An Inclusive Litany


Two parents in the suburban Boston area, Brian Camenker and Scott Whiteman, repeatedly complained to local and state authorities that explicit sexual material had been foisted on students as part of the $1.5 million effort by the Governor's Commission for Gay and Lesbian Youth to promote sexual tolerance, but their complaints were rebuffed. This material, they claimed, precluded parental involvement in the development of their children's sexual identity.

Frustrated, Whiteman secretly took a tape recorder to the 10th annual conference of the Boston chapter of the Gay, Lesbian and Straight Education Network (GLSEN, pronounced "glisten"), a national organization whose purpose is to train teachers and students to develop programs such as "Gay/Straight Alliances," student clubs organized around gay issues. In the words of its Boston chapter leader, the purpose of these programs is to "challenge the anti-gay, hetero-centric culture that still prevails in our schools."

The meeting, held at Tufts University and backed by the state's largest teacher's union, was state-sanctioned and open to the public, but it was attended primarily by students, administrators, and teachers. The event included workshops such as "Ask the Transsexuals," "Early Childhood Educators: How to Decide Whether to Come Out at Work or Not," "The Struggles and Triumphs of Including Homosexuality in a Middle School Curriculum," "From Lesbos to Stonewall: Incorporating Sexuality into a World History Curriculum," and "Creating a Safe and Inclusive Community in Elementary Schools," in which the "Rationale for integrating glbt [gay, lesbian, bisexual, and transgender] issues in the early elementary years will be presented."

Whiteman sat in on a "youth-only, ages 14-21" workshop, led by two employees of the state Department of Education, called "What They Didn't Tell You About Queer Sex & Sexuality in Health Class." The session opened with a discussion of whether oral sex was real sex, and which orifices counted. One of the moderators demonstrated the proper hand position for "fisting," and another described this form of anal penetration as "an experience of letting somebody into your body that you want to be that close and intimate with," praising it for putting one "into an exploratory mode." The moderators advised how to come onto a potential sex partner, explained that lesbians could achieve orgasm by rubbing their clitorises together, and one said that male ejaculate was rumored to taste "sweeter if people eat celery."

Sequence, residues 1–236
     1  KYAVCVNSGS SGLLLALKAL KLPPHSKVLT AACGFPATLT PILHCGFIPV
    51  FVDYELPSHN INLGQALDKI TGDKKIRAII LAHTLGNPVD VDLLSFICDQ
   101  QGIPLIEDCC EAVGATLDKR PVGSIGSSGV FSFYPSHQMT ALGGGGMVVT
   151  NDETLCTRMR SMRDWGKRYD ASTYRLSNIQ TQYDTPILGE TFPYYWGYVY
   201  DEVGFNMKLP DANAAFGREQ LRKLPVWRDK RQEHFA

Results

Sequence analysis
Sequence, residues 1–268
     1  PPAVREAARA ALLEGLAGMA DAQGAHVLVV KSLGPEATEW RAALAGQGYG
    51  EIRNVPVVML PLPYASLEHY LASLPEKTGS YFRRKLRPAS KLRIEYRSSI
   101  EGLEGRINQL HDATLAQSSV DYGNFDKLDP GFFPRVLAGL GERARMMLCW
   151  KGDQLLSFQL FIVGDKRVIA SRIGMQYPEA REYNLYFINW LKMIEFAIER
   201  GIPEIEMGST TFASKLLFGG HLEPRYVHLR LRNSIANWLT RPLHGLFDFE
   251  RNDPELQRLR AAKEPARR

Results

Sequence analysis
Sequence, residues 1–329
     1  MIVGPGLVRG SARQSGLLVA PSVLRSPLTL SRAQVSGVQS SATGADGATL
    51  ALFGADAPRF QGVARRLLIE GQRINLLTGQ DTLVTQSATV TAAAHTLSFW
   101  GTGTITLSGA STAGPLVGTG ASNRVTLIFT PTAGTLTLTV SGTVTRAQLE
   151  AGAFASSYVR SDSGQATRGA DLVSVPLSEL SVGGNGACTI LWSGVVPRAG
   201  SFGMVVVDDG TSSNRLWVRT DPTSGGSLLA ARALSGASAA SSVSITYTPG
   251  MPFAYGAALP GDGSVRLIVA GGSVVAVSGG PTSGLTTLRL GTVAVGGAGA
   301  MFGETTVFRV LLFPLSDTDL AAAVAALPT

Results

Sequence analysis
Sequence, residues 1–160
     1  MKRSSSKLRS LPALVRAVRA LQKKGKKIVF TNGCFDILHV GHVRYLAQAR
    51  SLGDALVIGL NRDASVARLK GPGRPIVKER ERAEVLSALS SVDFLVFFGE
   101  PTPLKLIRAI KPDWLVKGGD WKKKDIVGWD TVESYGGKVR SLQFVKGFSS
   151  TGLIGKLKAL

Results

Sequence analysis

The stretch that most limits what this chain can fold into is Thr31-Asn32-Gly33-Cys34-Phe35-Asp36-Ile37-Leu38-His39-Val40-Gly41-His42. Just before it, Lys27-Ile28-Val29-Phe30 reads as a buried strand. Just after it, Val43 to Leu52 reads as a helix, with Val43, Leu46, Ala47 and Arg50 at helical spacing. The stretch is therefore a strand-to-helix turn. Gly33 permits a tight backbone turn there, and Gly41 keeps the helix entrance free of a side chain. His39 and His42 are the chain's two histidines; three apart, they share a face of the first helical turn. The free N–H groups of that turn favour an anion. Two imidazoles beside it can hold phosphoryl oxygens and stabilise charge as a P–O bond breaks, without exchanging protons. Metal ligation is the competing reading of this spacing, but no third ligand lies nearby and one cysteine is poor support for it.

After the two men published a transcript of the session and announced their intention to release the tape to state legislators and the local media, GLSEN threatened to sue them under the state's wiretap laws. Another group sued the pair on behalf of the workshop students, and also threated criminal charges. The tapes went out anyway and were prominently featured on talk radio stations. Editorials in the Boston Globe railed against the pair. The state employees who ran the session were sacked.

Astonishingly, a state superior court judge issued a gag order, prohibiting the two men, the news media, and the entire state legislature from disseminating or even discussing the contents of the tapes. When the judge held another hearing the next day to reconsider the order, only members of the Fox News Channel showed up to assert their First Amendment right to air the material. The judge relented somewhat, extending the order only to Whiteman and Camenker, whose legal costs are mounting.

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